India has been seeing a rise in mirror regulators for quite some time now. Different sectors like Pharma, E-Commerce, Broadcasting have welcomed the concept of self-regulation. Since last year we have been witnessing to and fro negotiations between the OTT players and the Government with the former batting for self-regulation. Experts believe that self-regulation can prove to be a good option to create a robust and flexible framework in place.
When asked about the industry’s take on it, Shivanandan Pare said that the right talent, the right quantum of investment, and the desired level of consumer engagement will get attracted only when there is a holistic regulatory framework in place. It is only when the three pillars of talent, investment, and consumer engagement are in order, the tax revenue from this sector will become possible.
Self Regulation or Regulation, just do it, he added.
Balanced Approach To Taxation Holds The Key
In India, the gaming industry is taxed excessively. On one hand, the collection should be such that the tax collection for the government should be enough. On the other hand, the government should make sure that the incentive to play is not compromised because of the heavy taxation.
“If a balanced approach to taxation of the gaming industry is not adopted, people will look to do things illegally,” said, L Badrinarayanan, Partner, Lakshmikumaran & Sridharan.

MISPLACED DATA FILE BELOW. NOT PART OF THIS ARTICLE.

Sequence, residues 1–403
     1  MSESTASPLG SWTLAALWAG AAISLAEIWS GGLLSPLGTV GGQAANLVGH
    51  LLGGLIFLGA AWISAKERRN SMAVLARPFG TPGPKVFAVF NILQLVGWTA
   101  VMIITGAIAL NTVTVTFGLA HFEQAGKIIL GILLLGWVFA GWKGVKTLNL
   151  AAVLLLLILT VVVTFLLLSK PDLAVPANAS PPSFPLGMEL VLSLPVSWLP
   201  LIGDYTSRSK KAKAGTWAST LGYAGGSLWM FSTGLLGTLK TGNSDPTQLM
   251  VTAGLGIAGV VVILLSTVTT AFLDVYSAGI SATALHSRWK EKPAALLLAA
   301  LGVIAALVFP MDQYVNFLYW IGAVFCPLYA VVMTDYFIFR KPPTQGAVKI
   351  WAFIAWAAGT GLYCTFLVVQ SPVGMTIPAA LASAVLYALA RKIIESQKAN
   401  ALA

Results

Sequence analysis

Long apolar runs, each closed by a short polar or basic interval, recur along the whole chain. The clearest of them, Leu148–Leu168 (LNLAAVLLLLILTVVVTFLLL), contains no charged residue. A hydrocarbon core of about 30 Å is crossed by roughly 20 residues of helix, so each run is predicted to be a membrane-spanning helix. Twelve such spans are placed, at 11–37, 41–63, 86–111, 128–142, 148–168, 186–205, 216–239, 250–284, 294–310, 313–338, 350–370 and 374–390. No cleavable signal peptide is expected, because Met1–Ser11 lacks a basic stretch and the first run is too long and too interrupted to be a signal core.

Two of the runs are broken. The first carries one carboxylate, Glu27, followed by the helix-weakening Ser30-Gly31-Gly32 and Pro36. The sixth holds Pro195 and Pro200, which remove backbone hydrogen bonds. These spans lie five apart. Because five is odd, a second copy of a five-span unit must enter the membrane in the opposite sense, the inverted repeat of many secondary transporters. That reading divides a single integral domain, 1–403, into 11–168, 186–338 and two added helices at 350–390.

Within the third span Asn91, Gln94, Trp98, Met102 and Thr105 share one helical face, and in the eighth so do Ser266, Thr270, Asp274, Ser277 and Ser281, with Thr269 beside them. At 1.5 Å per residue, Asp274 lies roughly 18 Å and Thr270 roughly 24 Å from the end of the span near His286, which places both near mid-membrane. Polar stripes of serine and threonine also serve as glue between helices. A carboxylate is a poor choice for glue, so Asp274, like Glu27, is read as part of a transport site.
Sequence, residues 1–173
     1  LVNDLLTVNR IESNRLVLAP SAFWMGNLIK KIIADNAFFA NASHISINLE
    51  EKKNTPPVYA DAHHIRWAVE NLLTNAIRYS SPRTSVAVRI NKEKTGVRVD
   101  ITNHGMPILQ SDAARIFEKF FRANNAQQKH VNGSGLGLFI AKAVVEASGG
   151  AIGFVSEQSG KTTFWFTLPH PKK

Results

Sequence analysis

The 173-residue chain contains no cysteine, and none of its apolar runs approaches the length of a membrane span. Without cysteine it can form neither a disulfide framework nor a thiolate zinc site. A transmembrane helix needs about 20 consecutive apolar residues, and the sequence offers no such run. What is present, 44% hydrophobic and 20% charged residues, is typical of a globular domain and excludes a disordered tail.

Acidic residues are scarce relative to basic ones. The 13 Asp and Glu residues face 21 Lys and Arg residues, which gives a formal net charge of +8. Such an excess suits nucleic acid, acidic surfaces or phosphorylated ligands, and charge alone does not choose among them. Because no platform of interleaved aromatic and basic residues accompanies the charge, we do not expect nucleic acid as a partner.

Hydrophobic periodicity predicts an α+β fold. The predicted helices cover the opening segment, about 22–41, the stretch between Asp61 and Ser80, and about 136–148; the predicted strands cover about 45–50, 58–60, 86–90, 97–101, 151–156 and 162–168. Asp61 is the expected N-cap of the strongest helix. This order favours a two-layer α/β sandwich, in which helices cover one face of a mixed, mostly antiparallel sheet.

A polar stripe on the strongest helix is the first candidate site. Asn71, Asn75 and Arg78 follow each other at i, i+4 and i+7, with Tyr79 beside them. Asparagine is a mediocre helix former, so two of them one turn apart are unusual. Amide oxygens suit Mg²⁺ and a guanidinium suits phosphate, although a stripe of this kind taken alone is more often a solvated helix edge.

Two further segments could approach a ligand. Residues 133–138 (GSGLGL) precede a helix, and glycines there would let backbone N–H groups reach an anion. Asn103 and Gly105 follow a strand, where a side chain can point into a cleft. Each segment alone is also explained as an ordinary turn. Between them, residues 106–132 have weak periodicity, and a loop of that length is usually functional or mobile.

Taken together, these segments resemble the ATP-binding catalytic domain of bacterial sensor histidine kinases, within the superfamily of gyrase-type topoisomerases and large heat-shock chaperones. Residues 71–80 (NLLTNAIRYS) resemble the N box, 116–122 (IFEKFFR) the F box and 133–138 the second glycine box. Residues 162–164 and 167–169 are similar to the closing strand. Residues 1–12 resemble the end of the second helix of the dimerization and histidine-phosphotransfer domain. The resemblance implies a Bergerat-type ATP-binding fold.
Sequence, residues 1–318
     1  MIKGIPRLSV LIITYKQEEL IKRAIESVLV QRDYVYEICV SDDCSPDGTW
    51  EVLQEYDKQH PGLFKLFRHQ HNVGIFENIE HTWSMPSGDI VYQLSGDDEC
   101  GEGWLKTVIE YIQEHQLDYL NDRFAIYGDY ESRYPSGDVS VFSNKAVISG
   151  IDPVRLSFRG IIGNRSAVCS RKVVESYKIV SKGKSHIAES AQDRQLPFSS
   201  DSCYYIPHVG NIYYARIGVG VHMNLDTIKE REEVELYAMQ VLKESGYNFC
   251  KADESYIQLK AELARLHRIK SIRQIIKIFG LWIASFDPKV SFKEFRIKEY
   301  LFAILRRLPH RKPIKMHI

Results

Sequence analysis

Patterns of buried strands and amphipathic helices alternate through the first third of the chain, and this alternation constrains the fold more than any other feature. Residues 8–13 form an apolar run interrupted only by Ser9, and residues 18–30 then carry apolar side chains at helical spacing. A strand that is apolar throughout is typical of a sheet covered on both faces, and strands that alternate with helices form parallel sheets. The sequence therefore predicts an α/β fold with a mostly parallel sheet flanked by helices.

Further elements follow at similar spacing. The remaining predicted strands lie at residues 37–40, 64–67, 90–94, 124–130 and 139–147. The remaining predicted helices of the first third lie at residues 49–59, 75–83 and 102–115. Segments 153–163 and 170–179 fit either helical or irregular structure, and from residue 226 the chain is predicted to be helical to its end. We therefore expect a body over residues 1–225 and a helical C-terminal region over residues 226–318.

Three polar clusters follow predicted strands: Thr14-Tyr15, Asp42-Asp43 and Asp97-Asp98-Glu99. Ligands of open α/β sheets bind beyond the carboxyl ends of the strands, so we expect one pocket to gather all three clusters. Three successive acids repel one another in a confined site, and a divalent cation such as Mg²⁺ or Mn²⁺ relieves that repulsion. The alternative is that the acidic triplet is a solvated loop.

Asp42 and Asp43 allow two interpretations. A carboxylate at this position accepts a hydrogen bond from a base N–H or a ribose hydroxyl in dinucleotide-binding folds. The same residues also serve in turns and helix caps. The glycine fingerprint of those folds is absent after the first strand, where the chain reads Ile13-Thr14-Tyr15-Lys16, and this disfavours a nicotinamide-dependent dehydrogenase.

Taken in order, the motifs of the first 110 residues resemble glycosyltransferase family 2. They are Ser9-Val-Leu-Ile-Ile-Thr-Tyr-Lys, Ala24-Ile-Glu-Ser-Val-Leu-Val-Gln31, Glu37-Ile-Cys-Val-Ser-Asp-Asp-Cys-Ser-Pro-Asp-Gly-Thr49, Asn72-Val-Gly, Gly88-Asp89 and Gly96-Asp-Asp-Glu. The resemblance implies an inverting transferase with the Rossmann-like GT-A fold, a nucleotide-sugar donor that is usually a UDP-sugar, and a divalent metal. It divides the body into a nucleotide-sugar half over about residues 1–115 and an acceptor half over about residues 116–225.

#Perceptual Shift Is Required On How The Society At Large Views Gaming
Bringing examples from Mahabharata and day-to-day life to the foray, Ajit Mishra, Partner, Harrison Clark Rickerbys Ltd highlighted the fact that gambling has always been a part of our life. It is only because money is at stake, people become emotional about it. Regulations will bring the much-needed element of responsibility for people in activities like gambling.
Referring to gambling, Ajit said it should be viewed as just another sport.
“You buy a ticket to a sporting event and your team loses, you don’t say you lost the money, you say your team lost, it was just another game,” said Ajit.
#Clear Differentiation Between ‘Game of Skill’ Versus ‘Game Of Chance’ Is Much Needed
In many disputes, the Indian courts have been unable to come out with a clear distinction between a ‘game of skill’ and a ‘game of chance’. Whether a game is a ‘game of skill’ or ‘game of chance’ depends on the facts of each case. While the precedents set in this regard state that every game involves an element of luck, more clarity is required on the differentiating aspect between the two. Sarthak Doshi, Associate, Ikigai Law suggests that the government should frame a central law and empower a central regulatory authority to deploy a mathematical test at a pan India level that demarcates between a ‘game of skill’ and a ‘game of chance’.
From advocacy on gaming regulations to understanding the consumer’s psyche behind making gaming a popular option for entertainment, the panelists gave a 360-degree view of the current situation and also showed a glimpse of what the future of the gaming industry holds from an economic and cultural point of view. One thing that was unanimously agreed upon is that regulation is the need of the hour.
Consumers are going to play, which in turn, is only going to increase the demand. Whether the demand will be regulated or unregulated is the question that demands an answer with a much-needed sense of urgency. After all, there is no better time to cash in on the gaming wave than now.